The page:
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A Honolulu man in his 50s felt fine before he was diagnosed with prostate cancer. Although his father had died in his 60s from the disease, this guy thought he had at least half a decade before he had to be concerned.
But when he saw his doctor for a routine exam, he had an enlarged prostate. Subsequent testing revealed an elevated PSA, or prostate specific antigen, and a biopsy revealed cancer.
The next step was surgery. Given his family history, he decided to go to the place that had treated his dad, a major center on the mainland, close to where he grew up. He packed his bags and flew off for his evaluation.
He knew that his medical insurance did not participate with the mainland center, but he decided to go anyway. This was his life, after all, and besides, how much could it cost? His insurance would pay the same amount for his care there as if he had it done here, and that should cover most of it, right?
He hadn’t heard about balance billing. When a medical center doesn’t accept the reimbursement that is offered by an insurance company, it is called “nonparticipating,” or nonpar. The center can charge what it wants, and whatever the insurance company doesn’t cover is billed to the patient directly.
If he had stayed in Hawaii, his care would have been covered. Should the cost be five times higher just because he had a procedure done somewhere else?
In some cases, it is just a few hundred dollars. In this man’s case, it was $60,000. Within a few weeks of coming home, he was sent the bill.
How could care on the mainland cost that much more than what he would receive here?
The charges were more than his annual salary. He had no idea how he was going to pay for his care, and was already living paycheck to paycheck.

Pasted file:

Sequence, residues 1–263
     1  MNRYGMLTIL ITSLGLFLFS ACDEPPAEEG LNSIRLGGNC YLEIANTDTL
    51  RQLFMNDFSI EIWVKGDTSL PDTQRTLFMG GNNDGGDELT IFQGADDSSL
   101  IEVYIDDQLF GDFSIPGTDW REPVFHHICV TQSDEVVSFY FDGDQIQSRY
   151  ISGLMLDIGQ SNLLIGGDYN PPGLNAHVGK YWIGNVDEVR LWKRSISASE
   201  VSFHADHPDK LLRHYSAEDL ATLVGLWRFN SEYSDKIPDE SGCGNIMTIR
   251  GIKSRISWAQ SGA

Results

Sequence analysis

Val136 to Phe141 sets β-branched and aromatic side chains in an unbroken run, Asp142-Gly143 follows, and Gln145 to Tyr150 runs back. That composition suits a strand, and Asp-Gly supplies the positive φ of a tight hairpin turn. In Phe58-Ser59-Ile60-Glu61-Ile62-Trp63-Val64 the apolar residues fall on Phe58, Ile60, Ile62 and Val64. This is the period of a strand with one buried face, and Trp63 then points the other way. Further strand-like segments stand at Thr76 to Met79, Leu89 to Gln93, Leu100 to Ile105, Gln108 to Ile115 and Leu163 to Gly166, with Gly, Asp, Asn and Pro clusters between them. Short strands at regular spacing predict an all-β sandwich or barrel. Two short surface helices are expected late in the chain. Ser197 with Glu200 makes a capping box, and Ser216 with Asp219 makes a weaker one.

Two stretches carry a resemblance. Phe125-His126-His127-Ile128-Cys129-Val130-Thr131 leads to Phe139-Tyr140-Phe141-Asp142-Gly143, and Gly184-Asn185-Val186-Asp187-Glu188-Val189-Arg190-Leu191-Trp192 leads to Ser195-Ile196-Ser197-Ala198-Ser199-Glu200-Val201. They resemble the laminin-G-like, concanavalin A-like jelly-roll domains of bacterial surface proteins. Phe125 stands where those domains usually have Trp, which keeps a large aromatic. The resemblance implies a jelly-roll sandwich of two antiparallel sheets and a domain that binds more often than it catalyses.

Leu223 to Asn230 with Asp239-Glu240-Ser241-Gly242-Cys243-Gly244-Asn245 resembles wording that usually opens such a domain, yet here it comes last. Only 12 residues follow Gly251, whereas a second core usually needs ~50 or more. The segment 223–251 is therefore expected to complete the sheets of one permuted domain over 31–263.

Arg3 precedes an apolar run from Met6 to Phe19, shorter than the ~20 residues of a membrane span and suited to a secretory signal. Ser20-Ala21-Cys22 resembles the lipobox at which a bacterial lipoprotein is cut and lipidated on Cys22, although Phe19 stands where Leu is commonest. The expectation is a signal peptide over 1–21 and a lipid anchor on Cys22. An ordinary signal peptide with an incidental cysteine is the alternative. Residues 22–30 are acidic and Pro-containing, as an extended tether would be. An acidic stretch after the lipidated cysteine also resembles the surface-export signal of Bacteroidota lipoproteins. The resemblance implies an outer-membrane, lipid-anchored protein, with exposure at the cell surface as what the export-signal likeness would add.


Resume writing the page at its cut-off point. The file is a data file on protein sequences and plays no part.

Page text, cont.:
If he had stayed in Hawaii, his care would have been covered, and the amount paid by his insurance would have been sufficient to cover the cost. Should it be five times higher just because he had a procedure done somewhere else?
Patients blame insurance companies for not covering their care. Insurance companies blame medical centers that charge whatever they want. If the center is participating with the insurance plan there are prearranged fees. If not, there is no limit to what they can charge.
No matter who is to blame, one thing is clear. Something has to be done to fix it.
There are several proposals in the works. One would force any provider working at a participating hospital to participate in its insurance agreements as well.
This can help avoid some of the surprise bills, but not all of them. If a patient had an emergency and needed to be seen, they don’t have a choice if the doctor is not participating with their insurance plan. In that case, the doctor would have to accept the fees that have been arranged by the participating hospital, and not charge more.
Another proposal would force negotiations between insurance companies and medical facilities, leaving the patient out of the equation but potentially putting them at risk for the bills that remain. If the dollar amount that was finally agreed upon was not the full amount, then patients might still be responsible for the balance.
Perhaps an easier way to fix the balance billing problem is to look at the usual rates for services in the area and the usual reimbursement by local insurance companies near the medical center to find an appropriate charge from nonpar facilities. If the center would accept an average of $30,000 for a surgery from their participating insurance plans, then the max they could charge for nonparticipating plans would be that plus an additional percentage, like 10%.
In that situation, if the Honolulu man chose to go to a mainland center, he might still be responsible for some of the bills, but the maximum amount the medical center could charge would be much less. After all, if all of the other insurance companies arranged to pay a certain amount, that usually reflects the actual cost of the care provided. Charging 10 times more than that to patients with a different plan just doesn’t seem fair.
It would be great to have all medical centers participate with insurance plans, and for all plans to pay rates that would satisfy the center. In the real world, that’s not how things go.
Something has to be done to protect the patients who are just trying to deal with their illness, and don’t need the additional stress of being balance-billed thousands of dollars.
The Honolulu man is still trying to figure out how to handle his charges, and might have to declare bankruptcy. He’s not alone, as two thirds of Americans do that have unresolved medical debt.
In that case the medical center doesn’t get paid at all, and the guy’s credit is ruined — not a good solution for anyone. Capping the charges at a small percentage higher than what other insurance companies pay is at least a start.
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